RED (Reverse ElectroDialysis)
RED (Reverse ElectroDialysis) is a form of sustainable energy generation. The 'fuel' consists of fresh and salt water. Rivers flow into the sea and there the fresh water mixes with the salt water. These are the most obvious suitable locations for the application of RED. Some of the river water, along with seawater, is routed through a membrane stack in an enclosure called the REDstack. This is where the company REDstack got its name from. Salt and fresh water are mixed in a controlled manner in the stack and electrical energy is gained in this process. The resulting brackish water is returned to the sea and the electrical energy is delivered to the grid and distributed. The energy extracted in this way is commonly referred to as Blue Energy.
The driving force is derived from nature. Nature wants to level out differences. REDstack uses the difference in salt concentration as the driving force for ion transport through the membranes. By alternately stacking two types of ion-selective membranes, the positive and negative ions from the salt water are forced to flow in two directions, creating a voltage difference. This voltage difference is converted to electric current at the electrodes.
REDstack is currently actively working to seriously scale up its system on the Afsluitdijk, in order to build confidence and take the final step towards large-scale installations with end users in a commercial pathway.
Application of RED
There are several sources for the application of RED. Thus, by a classification of salinity into three classes (fresh, marine and brine), three possible combinations can be thought of for feeding a RED stack. We mention here the most important ones.
Seawater with river water
The salt content of seawater varies between 3% and 3.5% or between 30 and 35 grams (mainly NaCl) per liter. This makes the technique usable anywhere if sufficient river water is available. The following areas appear to be very good candidates: The Netherlands (Rhine Delta), the Mediterranean (Adriatic Sea), Southeast Asia (South Korea, China, Indonesia etc.), South America (Colombia, Mexico, Caribbean etc.), Gulf region (United Arab Emirates) and East Coast Russia. REDstack's pilot plant on the Afsluitdijk has been (and is being ) developed for this application.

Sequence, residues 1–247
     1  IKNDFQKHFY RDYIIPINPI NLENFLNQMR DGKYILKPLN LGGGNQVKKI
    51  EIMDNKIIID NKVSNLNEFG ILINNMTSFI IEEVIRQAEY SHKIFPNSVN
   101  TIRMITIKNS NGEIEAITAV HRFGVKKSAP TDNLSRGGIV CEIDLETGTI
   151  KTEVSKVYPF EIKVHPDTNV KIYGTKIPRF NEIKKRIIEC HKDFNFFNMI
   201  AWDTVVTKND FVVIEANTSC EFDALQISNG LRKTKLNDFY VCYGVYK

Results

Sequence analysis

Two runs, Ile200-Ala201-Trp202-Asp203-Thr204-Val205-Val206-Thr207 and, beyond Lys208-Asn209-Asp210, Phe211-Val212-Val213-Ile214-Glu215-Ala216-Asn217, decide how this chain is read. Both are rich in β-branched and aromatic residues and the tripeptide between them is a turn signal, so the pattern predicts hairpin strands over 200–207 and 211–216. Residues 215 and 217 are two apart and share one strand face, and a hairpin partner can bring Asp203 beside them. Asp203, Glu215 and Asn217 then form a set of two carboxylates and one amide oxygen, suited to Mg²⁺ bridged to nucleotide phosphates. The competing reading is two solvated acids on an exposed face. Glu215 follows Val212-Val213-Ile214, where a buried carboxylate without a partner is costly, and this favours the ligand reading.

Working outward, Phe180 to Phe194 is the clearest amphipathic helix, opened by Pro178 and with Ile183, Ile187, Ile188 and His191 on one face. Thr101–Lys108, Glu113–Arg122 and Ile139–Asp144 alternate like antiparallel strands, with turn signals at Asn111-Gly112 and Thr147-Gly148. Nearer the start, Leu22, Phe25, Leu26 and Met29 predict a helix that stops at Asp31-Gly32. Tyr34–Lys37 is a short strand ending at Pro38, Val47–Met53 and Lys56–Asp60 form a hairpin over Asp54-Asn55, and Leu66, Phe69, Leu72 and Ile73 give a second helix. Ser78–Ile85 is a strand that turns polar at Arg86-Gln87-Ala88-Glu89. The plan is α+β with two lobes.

Seawater with brine
Although this combination is less available, there are advantages. Since both feedstocks are quite saline, the electrical weather edge of the stack is low which is advantageous for high power. For example, the brine could be a residual stream from a salt plant or the concentrate from a seawater desalination plant. The project REApower,in which REDstack is a participant, was developed for this application of RED. In Sicily, the concept has been successfully applied at a company that extracts salt from seawater.
A special (not yet realized cooperation project of Israel and Jordan) is the replenishment of water from the Red Sea to the Dead Sea. This project also provides for a desalination plant. By using RED, a significant part of the energy for this could be supplied.
Brine and fresh water
In nature, salt lakes with no outlet occur that are fed by rivers. An example is the Great Salt Lake in Utah (USA) where the Jordan, Bear and Weber rivers flow into it. Due to enormous salt gradient between the salt lake and the river, the energy potential is therefore very large.
One such electrochemical cell is called a cell pair. It consists of a Cation Exchanging Membrane CEM, a layer of salt water, an Anion Exchanging Membrane (AEM) and a layer of fresh water. When several of these cell pairs are stacked on top of each other, the voltage of the stack (actually of the battery) increases. An entire stack is called a stack a RED stack. This is where the name of our company is derived from.
An important part of a RED stack is the electrodes. Within the stack we have to deal with ionic currents which are converted at the electrodes into electron currents or electricity. There are two possibilities for this conversion: an electrochemical reaction at the electrodes or the use of capacitive electrodes. This creates a surplus of electrons (the minus pole) at one electrode and a shortage of electrons (the plus pole) at the other. When these electrons are transported from the minus pole to the plus pole through an external circuit, an electric current is thus created. This is therefore a direct current that is converted outside the stack with a converter into alternating current that is then supplied to the electricity grid.
Film about the pilot installation on the Afsluitdijk.
REDstack wants to contribute to a clean future by developing renewable energy sources. In consultation with clients, REDstack wants to deliver techniques and products that are optimized for the application.